Investments you can live with

Prices for art, antiques, and fine wine are still down significantly. They probably won't beat stocks long term - but they're a whole lot more fun to own.

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Prints and photographs
Prints and photographs
What: 1899 Édouard Vuillard lithograph
Sold for: $5,938 in October
Print/photo market: Down 10% to 40% from peak
Minimum investment: $2,000

The scoop: Prints (such as etchings and lithographs) and investment-quality photographs are often cheaper than paintings and drawings because they're produced in multiples. Experts estimate that overall values are down anywhere from 10% to 40% from the peak.

What to look for: Photographs by masters of the 20th century such as André Kertész or Helen Levitt, who aren't as well known as, say, Henri Cartier-Bresson. Their work is often more affordable; several good-quality Kertész prints sold at auction last fall in the $5,000 to $12,000 range. And the number of collectors interested in them is growing, says Stephen Perloff, editor of The Photograph Collector newsletter. As for prints, you can find especially good values now on works by some late-19th-century and early-20th-century American artists such as Mary Cassatt and Romare Bearden, says Adam McCoy, associate specialist in the print department at Christie's. Make sure the condition is good, with no fading or staining. (Auction houses describe an image's condition online.)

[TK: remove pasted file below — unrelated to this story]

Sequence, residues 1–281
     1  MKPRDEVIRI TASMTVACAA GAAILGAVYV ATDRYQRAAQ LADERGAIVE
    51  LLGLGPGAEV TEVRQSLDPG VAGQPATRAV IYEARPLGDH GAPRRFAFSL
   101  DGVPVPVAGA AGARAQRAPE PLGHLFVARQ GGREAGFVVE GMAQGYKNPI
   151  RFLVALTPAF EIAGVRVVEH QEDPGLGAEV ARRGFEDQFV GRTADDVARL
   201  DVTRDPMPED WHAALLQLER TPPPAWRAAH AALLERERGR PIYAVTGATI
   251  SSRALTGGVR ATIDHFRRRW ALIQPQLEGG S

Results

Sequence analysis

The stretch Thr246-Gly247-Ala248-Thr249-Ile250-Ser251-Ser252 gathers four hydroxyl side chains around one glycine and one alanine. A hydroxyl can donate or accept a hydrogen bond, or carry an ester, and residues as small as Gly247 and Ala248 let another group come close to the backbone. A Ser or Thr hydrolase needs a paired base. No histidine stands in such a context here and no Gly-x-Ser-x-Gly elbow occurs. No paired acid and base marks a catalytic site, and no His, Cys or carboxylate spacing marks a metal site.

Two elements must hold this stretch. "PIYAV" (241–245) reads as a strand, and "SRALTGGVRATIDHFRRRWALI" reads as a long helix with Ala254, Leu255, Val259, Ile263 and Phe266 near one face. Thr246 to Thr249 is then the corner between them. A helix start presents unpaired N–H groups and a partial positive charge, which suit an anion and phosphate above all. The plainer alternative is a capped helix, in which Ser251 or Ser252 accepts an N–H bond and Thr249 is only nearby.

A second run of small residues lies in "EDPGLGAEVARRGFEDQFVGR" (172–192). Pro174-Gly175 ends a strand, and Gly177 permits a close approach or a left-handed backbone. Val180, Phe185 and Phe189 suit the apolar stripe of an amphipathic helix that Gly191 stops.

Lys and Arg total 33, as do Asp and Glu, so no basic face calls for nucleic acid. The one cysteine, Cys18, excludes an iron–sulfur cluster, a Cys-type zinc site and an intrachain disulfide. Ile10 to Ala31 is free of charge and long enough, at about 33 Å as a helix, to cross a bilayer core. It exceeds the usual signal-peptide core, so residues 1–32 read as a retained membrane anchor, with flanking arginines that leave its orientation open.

How to buy: If you purchase from a dealer, you'll probably pay a markup of about 40% to 50%; in these slow times, some dealers may be willing to charge less. Still, you generally get more for your money at auction. You'll pay a buyer's premium of 25% on the first $50,000, typically. Giants Christie's (christies.com) and Sotheby's (sothebys.com) offer the biggest selection; their photo and print auctions are usually held two to three times a year in New York City. Can't get to the Big Apple? Check out the goods on the auctioneers' websites, then bid by phone (or, at Christie's, online). Sign up for a free Sotheby's account to get access to artnet.com's data about previous sales prices. And set a price ceiling before you start bidding, so you don't go too high in the heat of the action.
NEXT: Antique furniture
Last updated January 13 2010: 8:16 AM ET
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